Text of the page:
Our May webinar will feature the “hows” of creating winning proposals. Instead of the “whys”, it will be all about tactical advice and strategy. What does a winning proposal look like? How do you make one? What should you not be doing? Register to view the live recording on Wednesday, May 22 at 1:00pm. Can’t make the date? Register anyways and we will share the recording.
Traditionally, a publishing sales professional sold an ad of a certain size on a certain page of a certain publication over a certain period of time. They would brag up the BPA-audited stats and the sheer numbers of eyes that could fall upon that potential ad. If this still sounds like what your sales team is selling, I would hope that you have big plans to change that soon. This type of legacy sale focuses on the value of the ad; however, the new paradigm’s sale involves selling the value of a publisher’s audience.
If you aren’t thrilled with this transition and are looking for someone to blame, look no further than the new digital-savvy media buyer. They are the ones that threw the wrench in your ad sales plan. The new media buyer understands that you are no longer the obvious choice to spend marketing dollars with. They have a plethora of other options, including Youtube, LinkedIn, Facebook, Twitter, Google and so on. They know those channels. It is the sales team’s task to instruct these media buyers on why YOUR channel is the right option.
To do that, you absolutely must be able to tell these media buyers all about how valuable particular segments of your audience are and how you have identified which segments are ready to buy. Nobody knows your audience like you do – and these media buyers understand that and see the value in collaboration. They will look to their sales reps for guidance and advice. They will want to work together to build out effective programs. They are picky about who they want to reach and how the results are measured.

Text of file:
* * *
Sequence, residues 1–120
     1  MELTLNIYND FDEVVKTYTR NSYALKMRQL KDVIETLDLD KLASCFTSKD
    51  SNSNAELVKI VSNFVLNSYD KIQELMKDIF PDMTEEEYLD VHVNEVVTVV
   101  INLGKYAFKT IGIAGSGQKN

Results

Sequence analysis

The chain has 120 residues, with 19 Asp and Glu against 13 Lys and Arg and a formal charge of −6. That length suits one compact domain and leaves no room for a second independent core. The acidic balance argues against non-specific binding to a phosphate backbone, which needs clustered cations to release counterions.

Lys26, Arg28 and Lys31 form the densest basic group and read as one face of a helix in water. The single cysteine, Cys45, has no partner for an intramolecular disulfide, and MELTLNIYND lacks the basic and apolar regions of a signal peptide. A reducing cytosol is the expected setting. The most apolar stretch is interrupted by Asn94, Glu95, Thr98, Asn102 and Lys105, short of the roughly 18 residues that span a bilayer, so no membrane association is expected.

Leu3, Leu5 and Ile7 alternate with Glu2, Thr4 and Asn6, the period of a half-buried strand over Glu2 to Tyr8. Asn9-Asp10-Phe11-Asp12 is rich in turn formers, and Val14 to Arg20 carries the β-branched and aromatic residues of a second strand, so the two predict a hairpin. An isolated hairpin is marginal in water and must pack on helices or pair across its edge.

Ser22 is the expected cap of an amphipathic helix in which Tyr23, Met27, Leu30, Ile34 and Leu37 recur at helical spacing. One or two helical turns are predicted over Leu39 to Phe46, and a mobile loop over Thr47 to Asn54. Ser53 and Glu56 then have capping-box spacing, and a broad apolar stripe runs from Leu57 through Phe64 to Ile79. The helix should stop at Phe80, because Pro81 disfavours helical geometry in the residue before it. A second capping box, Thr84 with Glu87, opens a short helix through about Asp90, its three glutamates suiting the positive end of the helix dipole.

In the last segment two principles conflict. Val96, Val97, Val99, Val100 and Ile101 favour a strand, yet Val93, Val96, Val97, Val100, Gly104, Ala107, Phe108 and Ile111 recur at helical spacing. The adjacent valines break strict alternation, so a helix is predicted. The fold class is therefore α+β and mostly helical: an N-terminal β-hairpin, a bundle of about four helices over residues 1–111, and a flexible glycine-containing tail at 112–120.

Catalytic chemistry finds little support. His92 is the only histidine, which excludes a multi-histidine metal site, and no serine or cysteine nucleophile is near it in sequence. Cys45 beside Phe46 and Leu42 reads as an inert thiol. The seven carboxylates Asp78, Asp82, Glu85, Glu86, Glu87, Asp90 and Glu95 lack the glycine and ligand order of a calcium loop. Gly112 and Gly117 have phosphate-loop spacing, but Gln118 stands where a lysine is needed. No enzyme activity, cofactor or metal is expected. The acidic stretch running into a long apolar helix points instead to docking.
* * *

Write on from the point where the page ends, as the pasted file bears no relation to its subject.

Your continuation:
The key to being able to offer such programs is the development of a unified, consensus database. Without such a database and the accompanying tools for sales, it is virtually impossible to provide the marketing programs the new media buyers is asking for. To this end, sales must have a voice in the planning and discovery phase to ensure that the tools being created will successfully support this type of complex sale to deliver the benefits of cross-channel branding to clients.
Join us on April 17 for our 30-minute monthly webinar, in which we will be elaborating on the complexities of the new publisher-advertiser relationship, how the sales team can deal with it and what it means to sell audience over ads. Insights shared are based off of Team KM’s experiences in the industry. In working with a number of successful clients who have implemented this change, Team KM has identified a number of best practices that all of these clients had in common. Unable to make the live recording? Register anyways – we’d love to share the recording with you.
Click here to register for the webinar.
1) Get comfortable with data and technology.
Let’s be real – neither of those two things are going anywhere anytime soon so you had better get friendly with digital and this new “data-driven business” thing. It is like being friends with a cat person. If you don’t like their cat, how long do you think they are going to keep you as a friend? Probably not long. Fortunately, if you are a cat-lover too, you’ll get to stay! If you are going to remain an audience development professional, you had better love data and digital – otherwise you will become one of those “circulation dinosaurs” on the way out the door.